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Incidence and characteristics of viral community-acquired pneumonia in adults
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  1. L C Jennings1,2,
  2. T P Anderson1,
  3. K A Beynon1,
  4. A Chua1,
  5. R T R Laing3,
  6. A M Werno1,2,
  7. S A Young1,
  8. S T Chambers2,
  9. D R Murdoch1,2
  1. 1
    Canterbury Health Laboratories, Christchurch, New Zealand
  2. 2
    Department of Pathology, Christchurch School of Medicine and Health Sciences, Christchurch, New Zealand
  3. 3
    Canterbury Respiratory Research Group, University of Otago, Christchurch, New Zealand
  1. Dr L C Jennings, Canterbury Health Laboratories, P O Box 151, Christchurch, New Zealand; lance.jennings{at}cdhb.govt.nz

Abstract

Background: In adults, viral causes of community-acquired pneumonia (CAP) are poorly characterised. The aims of this study were to characterise the viral aetiology of CAP in adults by using an extensive array of viral diagnostic tests and to compare the characteristics of viral pneumonia with those of pneumococcal pneumonia.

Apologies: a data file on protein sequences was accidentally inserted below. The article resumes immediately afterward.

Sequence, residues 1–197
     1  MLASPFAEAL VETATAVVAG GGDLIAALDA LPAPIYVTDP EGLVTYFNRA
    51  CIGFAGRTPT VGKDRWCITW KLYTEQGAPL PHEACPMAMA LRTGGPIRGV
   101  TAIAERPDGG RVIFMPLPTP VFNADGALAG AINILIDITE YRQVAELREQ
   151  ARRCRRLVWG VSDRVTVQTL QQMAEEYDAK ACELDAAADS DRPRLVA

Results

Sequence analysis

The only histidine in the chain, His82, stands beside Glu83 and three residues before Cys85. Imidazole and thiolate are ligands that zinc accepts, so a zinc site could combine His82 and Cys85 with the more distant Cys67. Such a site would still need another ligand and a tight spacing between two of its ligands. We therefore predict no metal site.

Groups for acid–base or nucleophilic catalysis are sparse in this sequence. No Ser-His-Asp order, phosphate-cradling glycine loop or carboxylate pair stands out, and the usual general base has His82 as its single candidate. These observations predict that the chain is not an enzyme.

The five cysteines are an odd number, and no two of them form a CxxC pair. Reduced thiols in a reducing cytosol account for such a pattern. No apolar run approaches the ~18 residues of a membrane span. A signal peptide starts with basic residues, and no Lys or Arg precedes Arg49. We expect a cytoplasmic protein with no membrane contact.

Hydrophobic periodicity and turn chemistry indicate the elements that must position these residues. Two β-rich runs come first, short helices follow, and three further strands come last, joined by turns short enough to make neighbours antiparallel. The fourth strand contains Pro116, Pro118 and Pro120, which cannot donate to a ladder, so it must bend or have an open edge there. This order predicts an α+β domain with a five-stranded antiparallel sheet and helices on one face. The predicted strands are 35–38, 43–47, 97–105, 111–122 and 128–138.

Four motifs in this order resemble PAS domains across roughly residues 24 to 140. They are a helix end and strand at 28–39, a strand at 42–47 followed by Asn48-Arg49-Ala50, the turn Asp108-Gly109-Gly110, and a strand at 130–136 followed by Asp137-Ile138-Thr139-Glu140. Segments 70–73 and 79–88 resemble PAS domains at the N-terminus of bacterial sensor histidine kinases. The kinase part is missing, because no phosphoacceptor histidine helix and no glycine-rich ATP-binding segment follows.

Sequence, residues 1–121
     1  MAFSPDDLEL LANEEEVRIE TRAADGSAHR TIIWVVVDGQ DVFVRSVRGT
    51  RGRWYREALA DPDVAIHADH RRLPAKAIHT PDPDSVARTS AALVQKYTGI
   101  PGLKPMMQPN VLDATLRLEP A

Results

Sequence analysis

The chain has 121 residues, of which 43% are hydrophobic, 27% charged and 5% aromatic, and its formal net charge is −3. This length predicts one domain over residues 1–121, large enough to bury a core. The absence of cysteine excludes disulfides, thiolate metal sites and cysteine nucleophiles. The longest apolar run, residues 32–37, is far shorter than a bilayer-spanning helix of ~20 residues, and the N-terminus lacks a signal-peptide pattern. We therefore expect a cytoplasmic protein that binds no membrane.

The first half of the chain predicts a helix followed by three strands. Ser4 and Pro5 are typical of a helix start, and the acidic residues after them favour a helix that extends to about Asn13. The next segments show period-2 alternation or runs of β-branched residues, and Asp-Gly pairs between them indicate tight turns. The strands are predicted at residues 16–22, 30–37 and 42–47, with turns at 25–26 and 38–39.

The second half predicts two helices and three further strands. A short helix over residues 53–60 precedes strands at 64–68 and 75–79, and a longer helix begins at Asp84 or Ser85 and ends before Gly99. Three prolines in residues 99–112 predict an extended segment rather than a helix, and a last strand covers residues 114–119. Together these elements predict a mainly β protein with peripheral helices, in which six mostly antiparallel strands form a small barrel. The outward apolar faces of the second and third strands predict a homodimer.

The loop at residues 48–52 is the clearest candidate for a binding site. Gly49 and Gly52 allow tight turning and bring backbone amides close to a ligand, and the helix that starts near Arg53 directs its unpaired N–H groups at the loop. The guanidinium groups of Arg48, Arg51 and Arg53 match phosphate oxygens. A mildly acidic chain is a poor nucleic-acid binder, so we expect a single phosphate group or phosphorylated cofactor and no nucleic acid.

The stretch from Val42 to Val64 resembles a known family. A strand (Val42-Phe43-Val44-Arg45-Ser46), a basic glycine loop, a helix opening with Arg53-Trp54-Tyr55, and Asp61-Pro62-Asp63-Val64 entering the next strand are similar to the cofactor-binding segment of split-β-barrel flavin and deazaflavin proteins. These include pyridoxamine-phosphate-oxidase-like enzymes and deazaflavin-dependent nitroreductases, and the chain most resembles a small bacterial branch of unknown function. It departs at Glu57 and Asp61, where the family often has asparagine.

Methods: Adults admitted to Christchurch Hospital over a 1-year period with CAP were included in the study. Microbiological testing methods included blood and sputum cultures, urinary antigen testing for Streptococcus pneumoniae and Legionella pneumophila, antibody detection in paired sera and detection of respiratory viruses in nasopharyngeal swabs by immunofluorescence, culture and PCR.

Results: Of 304 patients with CAP, a viral diagnosis was made in 88 (29%), with rhinoviruses and influenza A being the most common. Two or more pathogens were detected in 49 (16%) patients, 45 of whom had mixed viral and bacterial infections. There were no reliable clinical predictors of viral pneumonia, although several variables were independently associated with some aetiologies. The presence of myalgia was associated with pneumonia caused by any respiratory virus (OR 3.62, 95% CI 1.29 to 10.12) and influenza pneumonia (OR 190.72, 95% CI 3.68 to 9891.91). Mixed rhinovirus/pneumococcal infection was associated with severe disease.

Conclusions: Virus-associated CAP is common in adults. Polymicrobial infections involving bacterial and viral pathogens are frequent and may be associated with severe pneumonia.

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Footnotes

  • Funding: Health Research Council of New Zealand, the Canterbury Respiratory Research Trust and Canterbury District Health Board.

  • Competing interests: None.

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